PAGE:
So there, I’m not ashamed of being poor, though I don’t even know if the label truly applies to me. There are people much poor than me, and people much richer than me. Don’t be so quick to judge (judging quickly is a whole other problem we have in society, and it pervades literally EVERYTHING). There isn’t inherent shame in how much money you have, only in how you spend the money you have. And in the end, money doesn’t really matter. It’s not what gives life its true worth.

I'm really good at acting like I'm rich....

I’m really good at acting like I’m rich….

Epylle Spydre

p.s. I tried hard to make sure that it doesn’t come across that I don’t like rich people, but if it does, I’M SORRY. I love you all, regardless of how much money you have.


I love my sister. Actually I adore her. And I could go on and on about how much I love her, but that’s not really relevant to my blog. What is relevant to my blog is this picture (along with all of her other numerous pictures that I’ve used as inspiration): 


What I love about this picture is that it shows how artistic it is. Not only is it a great photo with awesome composition and a cool angle and all that jazz, but it also shows her love of color. We had an ugly bookshelf, and she decided to get this teal paint and sand and paint the bookshelf. It was a lot of hard, smelly work; I know because I helped her with it. I have already said I’m not an artist, but my sister is. And that’s awesome, even if the job prospects aren’t that high. 

But I hate how little we, as a society, recognize certain achievements. On Friday, I was having a conversation with some friends of mine. We’re theatre/choir kids, and we were really excited about the fall play that was going up that night. And we were a little upset that we were having a ten minute pep rally to get hyped up for the last football game of the season (which most people were sure we were going to lose anyway) but that there was barely anything about the play. People had only three opportunities to see this fabulous play, and the school decided to talk about the last home game of the season. Yes, I know that the “true spirited student” would be able to go to the football game on Friday and see the show the next day. But the reason this annoyed us is because it’s not an isolated incident.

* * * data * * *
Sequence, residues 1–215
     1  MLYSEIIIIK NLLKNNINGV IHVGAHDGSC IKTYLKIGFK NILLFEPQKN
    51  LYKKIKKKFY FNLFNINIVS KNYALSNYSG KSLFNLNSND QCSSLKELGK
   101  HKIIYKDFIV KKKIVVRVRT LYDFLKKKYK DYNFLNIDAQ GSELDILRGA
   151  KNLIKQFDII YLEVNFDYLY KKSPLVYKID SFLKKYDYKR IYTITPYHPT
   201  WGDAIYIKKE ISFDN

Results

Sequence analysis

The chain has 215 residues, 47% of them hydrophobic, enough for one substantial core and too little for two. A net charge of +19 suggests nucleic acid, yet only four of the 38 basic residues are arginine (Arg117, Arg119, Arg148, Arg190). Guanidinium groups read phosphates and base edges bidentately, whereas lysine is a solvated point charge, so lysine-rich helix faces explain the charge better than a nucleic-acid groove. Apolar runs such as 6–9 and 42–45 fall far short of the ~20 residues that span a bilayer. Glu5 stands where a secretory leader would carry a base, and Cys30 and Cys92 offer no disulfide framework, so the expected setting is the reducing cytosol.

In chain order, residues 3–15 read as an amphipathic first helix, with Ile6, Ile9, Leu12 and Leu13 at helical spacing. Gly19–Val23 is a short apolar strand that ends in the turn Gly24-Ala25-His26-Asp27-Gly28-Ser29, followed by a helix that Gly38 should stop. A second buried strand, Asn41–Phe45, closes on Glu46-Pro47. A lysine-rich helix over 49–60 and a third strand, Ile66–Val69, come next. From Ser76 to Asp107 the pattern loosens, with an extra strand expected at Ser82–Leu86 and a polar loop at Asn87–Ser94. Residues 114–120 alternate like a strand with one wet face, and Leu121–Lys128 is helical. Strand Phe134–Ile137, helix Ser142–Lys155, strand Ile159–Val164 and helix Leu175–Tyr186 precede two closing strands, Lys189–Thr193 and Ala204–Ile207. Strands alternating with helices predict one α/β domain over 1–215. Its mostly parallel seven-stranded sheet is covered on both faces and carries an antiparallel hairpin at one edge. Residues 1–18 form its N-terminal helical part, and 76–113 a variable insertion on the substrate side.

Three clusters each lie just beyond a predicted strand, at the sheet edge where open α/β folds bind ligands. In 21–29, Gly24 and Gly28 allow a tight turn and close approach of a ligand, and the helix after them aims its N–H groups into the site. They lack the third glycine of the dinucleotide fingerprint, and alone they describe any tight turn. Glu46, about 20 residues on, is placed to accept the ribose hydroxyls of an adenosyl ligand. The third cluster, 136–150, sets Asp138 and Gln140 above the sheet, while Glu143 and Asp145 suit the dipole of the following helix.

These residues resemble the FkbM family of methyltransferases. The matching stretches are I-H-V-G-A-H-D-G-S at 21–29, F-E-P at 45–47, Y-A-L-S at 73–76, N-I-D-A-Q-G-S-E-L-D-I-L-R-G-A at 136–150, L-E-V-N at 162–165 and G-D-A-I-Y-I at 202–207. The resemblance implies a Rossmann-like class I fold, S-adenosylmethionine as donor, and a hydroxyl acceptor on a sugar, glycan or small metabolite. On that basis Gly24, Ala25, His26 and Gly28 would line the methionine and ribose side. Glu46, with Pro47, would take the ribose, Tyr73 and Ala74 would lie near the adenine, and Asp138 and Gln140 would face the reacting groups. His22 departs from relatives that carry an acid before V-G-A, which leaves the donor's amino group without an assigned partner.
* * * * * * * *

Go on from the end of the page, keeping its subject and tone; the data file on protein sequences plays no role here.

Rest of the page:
After pretty much every varsity sports game, all of the information is relayed to us through the morning announcements. And I get that the sports teams have people, and that it’s great to recognize them. I have some good friends on those teams, and it’s nice to celebrate in their accomplishments with them. But tell me, why did next to no one hear about the girl who did really well at the International Space Olympics in Russia? No biggie, right? Because we totally have students go to Russia all the time (note the facetious tone here). But no. Because we live in a society that prizes brawn and beauty over brains and creativity.